Do you know someone in our community who is working to improve high school success for students throughout Central Texas? Recognize them as an American Graduate Champion! American Graduate Champions can be students who work as mentors, business leaders who serve as role models, school officials making changes to better the system, parent activists, and even struggling students who are overcoming obstacles in order to graduate.
This week, Arts In Context Shorts presents the art of thinking fast. Founded as a platform for hip-hop artists, the Austin Mic Exchange works tirelessly to create a community of aspiring and independent emcees. Their weekly open mic nights are a haven for artists seeking stage time, a forum for the city’s best emcees to connect with their peers, and an invaluable opportunity to hone their craft. Freestylers electrify the crowd as they perform their highwire act – improvising frenetically and letting the flow take over them. Part showcase, part community event, and all love, these open mics cultivate the small but fiercely active hip-hop community in Austin.
Arts In Context Shorts introduces us to a group working to change lives. Teaching students to embrace their own cultures, Roots & Rhythms is an after-school drumming program founded in 2008 by Sevylla del Mazo. With drums created from recycled buckets, the bilingual students of Roots & Rhythms collaborate, create, and have some fun while learning the basics of percussion. Thanks to a grant from the City of Austin’s Economic Growth & Redevelopment Services Office/Cultural Arts Division, this program continues to foster ties in surrounding communities and inspires hope for local children.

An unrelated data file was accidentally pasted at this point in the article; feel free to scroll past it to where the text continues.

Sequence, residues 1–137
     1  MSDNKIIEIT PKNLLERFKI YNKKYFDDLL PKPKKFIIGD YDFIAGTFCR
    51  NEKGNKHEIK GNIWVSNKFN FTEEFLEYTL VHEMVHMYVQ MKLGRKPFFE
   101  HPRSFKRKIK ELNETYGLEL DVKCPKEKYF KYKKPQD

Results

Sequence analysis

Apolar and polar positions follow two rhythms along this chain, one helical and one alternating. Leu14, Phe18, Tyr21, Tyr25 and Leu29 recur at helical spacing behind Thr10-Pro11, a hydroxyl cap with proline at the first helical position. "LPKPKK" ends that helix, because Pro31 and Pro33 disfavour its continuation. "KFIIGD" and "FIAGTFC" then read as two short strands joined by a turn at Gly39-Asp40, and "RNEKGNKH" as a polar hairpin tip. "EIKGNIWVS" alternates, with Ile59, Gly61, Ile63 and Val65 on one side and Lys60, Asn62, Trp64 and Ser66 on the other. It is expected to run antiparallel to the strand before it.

This week Arts In Context Shorts explores the beauty of Waller Creek. On November 13, 2014, a small stretch of Waller Creek in downtown Austin, Texas was lit up with modern light installations created by five local architects and landscape designers. These light pieces were designed to showcase the space’s potential, since soon a series of parks and connected trails will be developed in the location. Organized by the Waller Creek Conservancy and featuring live local music, the event drew strolling crowds to the walkways and various creekside businesses.
In anticipation of January’s premiere of season 5, PBS is hosting a live Q&A where fans can ask their most burning questions to the Downton Abbey cast members. The event takes place at the Hudson Theater in New York, NY, December 9th at 7:30 pm Central Time. You can watch here:
Combining the rich traditions of Ladino music with the rhythms of Flamenco, Flamenco Sephardit brings together Judaeo-Spanish culture and Spanish folk music in a musical experience that captivates and entrances audiences. Produced by Maestro Jeffrey Eckstein, musicians from varying disciplines collaborate to fuse Ladino pieces with Flamenco music in a bold display of skill, grace, and passion. The language of Ladino has changed considerably since its exodus from Spain during the Spanish Inquisition, changing and evolving over centuries as Sephardic Jews who fled the country spoke it in secret. With opera singers, guitarists, and string instruments, Maestro Eckstein marries the music of Ladino with Flamenco in a showcase of rich Spanish cultures and harmonies. Drawing audiences with its intensity, Flamenco Sephardit puts a dramatic twist on an art form so historical that some consider it to be lost.